Biological or Clinical Significance:
Interleukin-1 receptor antagonist (IL-1ra; also know as IL-1F3) is a 22 – 25 kDa member of the IL-1 family of cytokines. It is an acute phase protein that exists to dampen inflammation. IL-1 (β) is initially produced by monocytes in response to a variety of stimuli. Circulating IL-1 then binds to widely expressed IL-1 type I receptors (IL-1 RI) and initiates a number of pro-inflammatory events. On endothelial cells (EC), IL-1 induces PGE2 and IL-6 release, generating fever, thrombocytosis, and hepatic acute phase protein production. In synovial joints, IL-1 induces chondrocyte nitric oxide production, an event that leads to reduced collagen synthesis and chondrocyte apoptosis. Finally, IL-1 increase neutrophil counts, both in blood and tissue, and thus is able to promote a pro-inflammatory environment in multiple locations. IL-1ra blocks IL-1 action through competitive inhibition. More correctly, although IL-1ra fills the IL-1 binding site in IL-1 RI, it is also unable to orchestrate the creation of a signal-transducing IL-1 RI:IL-1R Accessory protein (IL-1 R AcP) heterodimer complex. Effective IL-1ra concentrations are generally 100-fold greater than local IL-1 concentrations. This is because the IL-1ra half-life is but 6 minutes, and very few IL-1 type I receptors need to be engaged by IL-1 to elicit a cellular response.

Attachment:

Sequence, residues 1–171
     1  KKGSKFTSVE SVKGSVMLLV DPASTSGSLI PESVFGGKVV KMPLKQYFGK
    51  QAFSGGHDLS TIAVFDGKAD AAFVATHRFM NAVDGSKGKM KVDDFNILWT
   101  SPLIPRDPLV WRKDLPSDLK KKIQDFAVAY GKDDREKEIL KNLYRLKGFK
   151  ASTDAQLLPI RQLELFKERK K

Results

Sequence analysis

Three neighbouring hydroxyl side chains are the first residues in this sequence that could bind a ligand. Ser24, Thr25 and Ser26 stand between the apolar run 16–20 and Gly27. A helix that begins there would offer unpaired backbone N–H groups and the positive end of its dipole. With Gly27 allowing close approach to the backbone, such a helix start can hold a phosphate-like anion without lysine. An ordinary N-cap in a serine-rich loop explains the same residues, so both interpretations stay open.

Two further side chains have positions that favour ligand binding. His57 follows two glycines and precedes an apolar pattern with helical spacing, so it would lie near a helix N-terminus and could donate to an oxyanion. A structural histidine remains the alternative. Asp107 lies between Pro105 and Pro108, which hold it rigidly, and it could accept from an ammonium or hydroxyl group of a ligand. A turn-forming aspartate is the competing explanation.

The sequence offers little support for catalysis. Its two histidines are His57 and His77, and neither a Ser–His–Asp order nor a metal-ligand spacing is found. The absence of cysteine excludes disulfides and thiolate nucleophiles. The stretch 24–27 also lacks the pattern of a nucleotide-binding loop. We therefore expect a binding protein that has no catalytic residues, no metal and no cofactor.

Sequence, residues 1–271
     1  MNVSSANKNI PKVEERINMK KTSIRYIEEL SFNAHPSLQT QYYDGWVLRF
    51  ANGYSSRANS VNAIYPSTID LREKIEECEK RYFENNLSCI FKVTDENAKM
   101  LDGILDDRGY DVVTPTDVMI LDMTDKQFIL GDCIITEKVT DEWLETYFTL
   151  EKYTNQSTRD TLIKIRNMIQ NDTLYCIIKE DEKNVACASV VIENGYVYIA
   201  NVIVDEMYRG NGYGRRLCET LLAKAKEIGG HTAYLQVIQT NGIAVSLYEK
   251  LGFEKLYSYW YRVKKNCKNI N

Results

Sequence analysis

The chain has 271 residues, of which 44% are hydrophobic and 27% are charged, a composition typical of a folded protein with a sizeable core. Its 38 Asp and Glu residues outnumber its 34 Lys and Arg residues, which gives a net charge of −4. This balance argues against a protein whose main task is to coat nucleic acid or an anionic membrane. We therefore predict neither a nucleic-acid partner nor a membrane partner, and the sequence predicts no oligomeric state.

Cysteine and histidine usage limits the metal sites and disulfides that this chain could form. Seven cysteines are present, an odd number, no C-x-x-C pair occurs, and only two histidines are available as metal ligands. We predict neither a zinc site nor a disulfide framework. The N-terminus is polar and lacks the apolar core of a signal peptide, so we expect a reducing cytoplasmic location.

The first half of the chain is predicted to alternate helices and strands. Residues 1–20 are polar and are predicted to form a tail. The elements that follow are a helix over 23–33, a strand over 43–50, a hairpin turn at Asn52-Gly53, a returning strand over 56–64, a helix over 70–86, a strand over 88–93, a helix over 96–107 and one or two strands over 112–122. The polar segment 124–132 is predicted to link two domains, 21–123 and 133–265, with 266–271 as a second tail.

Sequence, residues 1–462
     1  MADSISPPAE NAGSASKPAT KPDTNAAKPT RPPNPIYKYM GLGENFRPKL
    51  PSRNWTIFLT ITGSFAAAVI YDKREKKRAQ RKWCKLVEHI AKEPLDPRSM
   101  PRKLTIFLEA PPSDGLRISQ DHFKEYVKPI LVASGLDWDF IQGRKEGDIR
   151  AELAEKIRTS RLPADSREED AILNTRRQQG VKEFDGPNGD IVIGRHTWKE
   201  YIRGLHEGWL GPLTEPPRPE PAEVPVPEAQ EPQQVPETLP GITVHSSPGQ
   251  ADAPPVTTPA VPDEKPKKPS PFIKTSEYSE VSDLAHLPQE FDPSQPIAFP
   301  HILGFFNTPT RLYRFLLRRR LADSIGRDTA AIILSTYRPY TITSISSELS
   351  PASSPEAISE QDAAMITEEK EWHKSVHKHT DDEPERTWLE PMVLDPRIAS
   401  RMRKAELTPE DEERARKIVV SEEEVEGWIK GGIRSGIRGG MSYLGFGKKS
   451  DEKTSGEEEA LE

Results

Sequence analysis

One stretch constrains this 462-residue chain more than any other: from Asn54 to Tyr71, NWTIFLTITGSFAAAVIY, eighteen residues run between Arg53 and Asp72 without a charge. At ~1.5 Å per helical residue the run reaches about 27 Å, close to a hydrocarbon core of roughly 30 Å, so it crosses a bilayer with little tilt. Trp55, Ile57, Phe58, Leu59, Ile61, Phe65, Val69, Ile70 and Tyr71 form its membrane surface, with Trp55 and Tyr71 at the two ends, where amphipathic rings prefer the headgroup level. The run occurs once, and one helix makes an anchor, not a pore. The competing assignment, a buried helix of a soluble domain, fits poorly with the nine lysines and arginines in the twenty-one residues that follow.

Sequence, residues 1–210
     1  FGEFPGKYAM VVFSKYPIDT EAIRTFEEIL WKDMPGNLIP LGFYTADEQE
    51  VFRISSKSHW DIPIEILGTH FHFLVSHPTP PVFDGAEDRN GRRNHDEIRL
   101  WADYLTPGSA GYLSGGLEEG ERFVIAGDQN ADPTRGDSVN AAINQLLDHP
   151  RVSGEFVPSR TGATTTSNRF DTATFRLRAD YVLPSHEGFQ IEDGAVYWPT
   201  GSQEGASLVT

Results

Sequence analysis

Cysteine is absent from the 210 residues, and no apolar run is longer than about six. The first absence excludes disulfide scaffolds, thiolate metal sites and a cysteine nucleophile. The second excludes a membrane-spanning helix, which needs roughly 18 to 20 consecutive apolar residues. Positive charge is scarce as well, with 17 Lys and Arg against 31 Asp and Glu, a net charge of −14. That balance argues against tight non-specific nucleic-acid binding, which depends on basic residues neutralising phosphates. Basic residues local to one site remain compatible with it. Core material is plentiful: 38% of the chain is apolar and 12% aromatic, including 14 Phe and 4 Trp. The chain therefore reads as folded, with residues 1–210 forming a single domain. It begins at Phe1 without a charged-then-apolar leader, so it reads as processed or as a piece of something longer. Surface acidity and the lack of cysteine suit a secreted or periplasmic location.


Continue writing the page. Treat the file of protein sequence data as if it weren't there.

Principle of Test Method:
The IL-1ra method is a solid phase ELISA designed to measure IL-1ra in cell culture supernates, serum and plasma. This assay employs the quantitative sandwich enzyme immunoassay technique.
Jacques C, Gosset M, Berenbaum F, et al. The role of IL-1 and IL-1Ra in joint inflammation and cartilage degradation. Vitam Horm.
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